2017: Top 5 risks for business in Asia Pacific
With a lot of events that took the global economy by surprise and rocked the boat in 2016, global risk consultancy – Control Risk on Tuesday published its top five risks for business in Asia Pacific in 2017.
“The unexpected US election and Brexit referendum results that caught the world by surprise have tipped the balance to make 2017 one of the most difficult years for business’ strategic decision making since the end of the Cold War,” Richard Fenning, CEO, Control Risks, said.
The top five risks in 2017 include the following:
1. The end of globalisation as Asia Pacific knows it:
The report pointed out that since the end of the Cold War, Asia Pacific has been the globe’s greatest beneficiary of the resulting vast liberalization of trade, direct investment and supply chains.
“The region’s middle classes have profited enormously from this process in a way that the middle classes of the US and Europe feel, at least more recently, that they have not. The backlash in Asia Pacific’s two biggest markets (Europe and the US) against globalization is the greatest threat to this region’s overall economic and political security over the next decade, never mind the next year,” the report added.
2. Territorial tensions:
Speaking about disputes like the Sino-Japanese dispute in the East China Sea, the status of Taiwan, the dispute over islands in the South China Sea the report said that it will result in higher military spending.
“As these ‘frozen’ conflicts have thawed, regional players like Japan, that have traditionally looked to the US for much of their security, will now begin to ‘self-insure’ against Chinese aggression by ditching its peace constitution and ramping up its military spending,” the report said.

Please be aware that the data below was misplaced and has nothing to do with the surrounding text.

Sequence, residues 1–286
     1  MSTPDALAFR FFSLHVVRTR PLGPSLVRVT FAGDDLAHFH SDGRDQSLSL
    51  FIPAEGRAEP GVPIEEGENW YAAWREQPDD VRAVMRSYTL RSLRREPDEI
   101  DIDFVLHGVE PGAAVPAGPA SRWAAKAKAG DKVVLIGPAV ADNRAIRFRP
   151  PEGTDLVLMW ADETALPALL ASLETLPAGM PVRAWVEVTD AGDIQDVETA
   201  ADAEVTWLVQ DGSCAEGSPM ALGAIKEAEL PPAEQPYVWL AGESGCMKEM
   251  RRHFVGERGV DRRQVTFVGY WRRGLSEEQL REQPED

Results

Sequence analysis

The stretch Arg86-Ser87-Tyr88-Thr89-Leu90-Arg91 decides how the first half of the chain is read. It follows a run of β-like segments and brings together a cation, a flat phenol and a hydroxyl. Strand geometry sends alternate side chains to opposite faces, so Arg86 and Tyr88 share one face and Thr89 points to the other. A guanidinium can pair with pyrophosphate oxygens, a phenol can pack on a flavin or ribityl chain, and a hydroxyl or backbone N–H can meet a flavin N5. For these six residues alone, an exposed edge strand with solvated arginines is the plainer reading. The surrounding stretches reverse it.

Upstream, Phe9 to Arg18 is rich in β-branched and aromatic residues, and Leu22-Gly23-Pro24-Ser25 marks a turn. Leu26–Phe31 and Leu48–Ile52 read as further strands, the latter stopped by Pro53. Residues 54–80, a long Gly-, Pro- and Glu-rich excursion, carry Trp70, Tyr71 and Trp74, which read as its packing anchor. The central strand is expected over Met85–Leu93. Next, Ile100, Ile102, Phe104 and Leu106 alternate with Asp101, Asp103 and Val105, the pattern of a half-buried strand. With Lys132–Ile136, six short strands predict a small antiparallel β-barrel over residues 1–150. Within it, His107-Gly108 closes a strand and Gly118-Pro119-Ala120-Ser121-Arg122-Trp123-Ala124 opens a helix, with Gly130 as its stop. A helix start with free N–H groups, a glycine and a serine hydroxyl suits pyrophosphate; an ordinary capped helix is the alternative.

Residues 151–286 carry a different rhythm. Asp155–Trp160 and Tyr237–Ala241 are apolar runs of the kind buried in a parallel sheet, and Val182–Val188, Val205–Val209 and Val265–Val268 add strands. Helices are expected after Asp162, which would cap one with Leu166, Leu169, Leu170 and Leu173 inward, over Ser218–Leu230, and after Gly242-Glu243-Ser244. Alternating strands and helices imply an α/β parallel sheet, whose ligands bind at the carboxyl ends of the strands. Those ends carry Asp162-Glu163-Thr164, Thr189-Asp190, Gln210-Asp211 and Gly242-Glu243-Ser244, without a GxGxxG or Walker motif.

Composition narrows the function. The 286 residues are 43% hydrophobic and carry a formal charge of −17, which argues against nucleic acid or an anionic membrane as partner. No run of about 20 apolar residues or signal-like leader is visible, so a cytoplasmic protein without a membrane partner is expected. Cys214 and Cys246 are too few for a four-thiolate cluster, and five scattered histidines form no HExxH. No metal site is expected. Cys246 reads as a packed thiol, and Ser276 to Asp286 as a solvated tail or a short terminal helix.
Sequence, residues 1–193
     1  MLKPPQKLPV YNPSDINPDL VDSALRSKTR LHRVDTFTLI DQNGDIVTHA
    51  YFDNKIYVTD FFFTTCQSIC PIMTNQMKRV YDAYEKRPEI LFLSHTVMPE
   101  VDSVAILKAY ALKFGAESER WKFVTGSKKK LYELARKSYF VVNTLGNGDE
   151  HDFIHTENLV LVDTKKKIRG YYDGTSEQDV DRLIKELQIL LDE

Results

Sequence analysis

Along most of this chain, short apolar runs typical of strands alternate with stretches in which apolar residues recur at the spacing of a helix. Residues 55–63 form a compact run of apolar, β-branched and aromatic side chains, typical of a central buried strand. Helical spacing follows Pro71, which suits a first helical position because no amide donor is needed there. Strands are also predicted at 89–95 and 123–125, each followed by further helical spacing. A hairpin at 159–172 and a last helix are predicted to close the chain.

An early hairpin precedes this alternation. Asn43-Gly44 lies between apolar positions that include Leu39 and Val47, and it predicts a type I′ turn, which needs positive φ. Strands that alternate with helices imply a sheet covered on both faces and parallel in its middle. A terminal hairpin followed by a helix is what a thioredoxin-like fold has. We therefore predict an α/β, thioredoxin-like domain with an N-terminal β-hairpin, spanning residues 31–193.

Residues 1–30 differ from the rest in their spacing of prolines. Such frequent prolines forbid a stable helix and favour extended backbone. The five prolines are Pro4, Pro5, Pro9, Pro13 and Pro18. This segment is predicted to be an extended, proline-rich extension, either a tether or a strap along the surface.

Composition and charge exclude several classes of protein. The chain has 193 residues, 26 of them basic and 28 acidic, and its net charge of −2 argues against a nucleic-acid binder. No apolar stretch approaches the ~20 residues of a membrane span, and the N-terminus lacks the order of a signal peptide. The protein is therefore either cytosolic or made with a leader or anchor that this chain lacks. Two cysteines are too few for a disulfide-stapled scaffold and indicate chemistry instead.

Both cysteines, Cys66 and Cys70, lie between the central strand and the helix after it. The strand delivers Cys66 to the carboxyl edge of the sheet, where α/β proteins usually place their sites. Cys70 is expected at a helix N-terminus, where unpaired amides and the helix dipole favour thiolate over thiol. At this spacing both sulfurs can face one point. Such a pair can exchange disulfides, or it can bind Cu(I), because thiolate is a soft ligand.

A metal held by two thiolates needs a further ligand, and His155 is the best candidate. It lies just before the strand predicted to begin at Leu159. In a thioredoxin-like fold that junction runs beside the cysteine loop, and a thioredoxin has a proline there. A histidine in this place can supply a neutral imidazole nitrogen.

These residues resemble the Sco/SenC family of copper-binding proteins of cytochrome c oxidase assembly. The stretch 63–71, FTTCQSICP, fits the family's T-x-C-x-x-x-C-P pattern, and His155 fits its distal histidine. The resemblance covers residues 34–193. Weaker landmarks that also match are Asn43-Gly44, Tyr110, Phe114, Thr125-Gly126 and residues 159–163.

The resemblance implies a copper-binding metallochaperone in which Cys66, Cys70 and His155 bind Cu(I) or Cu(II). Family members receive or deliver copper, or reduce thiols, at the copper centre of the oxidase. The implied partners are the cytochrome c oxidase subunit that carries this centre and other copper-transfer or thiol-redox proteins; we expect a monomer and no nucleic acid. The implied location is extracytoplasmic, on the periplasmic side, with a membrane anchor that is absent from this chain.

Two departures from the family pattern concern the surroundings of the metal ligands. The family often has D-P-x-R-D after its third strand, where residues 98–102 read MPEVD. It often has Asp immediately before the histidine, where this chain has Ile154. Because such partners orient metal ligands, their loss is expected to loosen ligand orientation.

Since there persist a lot of uncertainty over US strategic commitment to the region the report pointed out that it may also have risk to the upside with the likes of Malaysia and the Philippines attempting to hedge against this US uncertainty by moving closer to China.
“Providing China doesn’t seek to flaunt its territorial expansion, tensions in the South China Sea may actually decline, but divisions within ASEAN are likely to increase,” the report addded.
3. Populism and performance legitimacy:
From PM Modi pushing Hindu nationalism to populist gestures by Philippines, the report pointed out that political machines would ‘shore up’ with popular gestures.
“In Thailand, the Junta will distract the public from a weak economy and continued authoritarianism with appeals for unity around the new monarch. In India, the Modi government will intersperse hard choices with appeals to Hindu nationalism. In Malaysia, Prime Minister Najib Razak will continue to fight a rear-guard action against his poor standing by wooing conservative Muslims. In the Philippines, President Rodrigo Duterte, who built his mandate from the very beginning on populist gestures, will continue to skirt the country’s more intractable problems with dubious campaigns,” the report said.
4. China’s regulatory whiplash:
China would feel ‘considerable strain’ in 2017 as it is tightening its regulatory regime, the report said.
“The potential for trade disputes between most obviously the US and China (but not exclusively) could have its nastiest side effects in punitive regulation against foreign businesses,” the report said.
Data nationalism, where companies are increasingly forced to keep critical data inside the Asia Pacific jurisdictions where they operate, would be another growing concern.
“Companies are coming under pressure right across the region to do this and, at the same time, most businesses in Asia Pacific have woeful cyber security protections in place,” the report added.
5. The implications for Asia Pacific of the fragmentation of IS in Iraq and Syria:
Trained Jihadists, and the re-emergence of base areas in central Sulawesi or Mindanao would be cause for concern.
However, the report said, “…compared to the havoc caused by terrorism in the Middle East and Europe, Asia’s terrorism risk landscape has been considerably more benign – and will continue to remain comparatively so.”
Further it added, “The lines of communication are long between East Asia and the Middle East, and there is no refugee crisis to exploit and conceal within. Asia lacks the sheer numbers of individuals with the experience, access to weapons and suicidal intent on the scale of the Middle East or Europe.”
“The high levels of complexity and uncertainty attached to the key political and security issues for the year mean that boards in Asia Pacific will need to undertake comprehensive reviews of their approaches to risk management,” Control Risks CEO in Asia Pacific, Toby Latta said.
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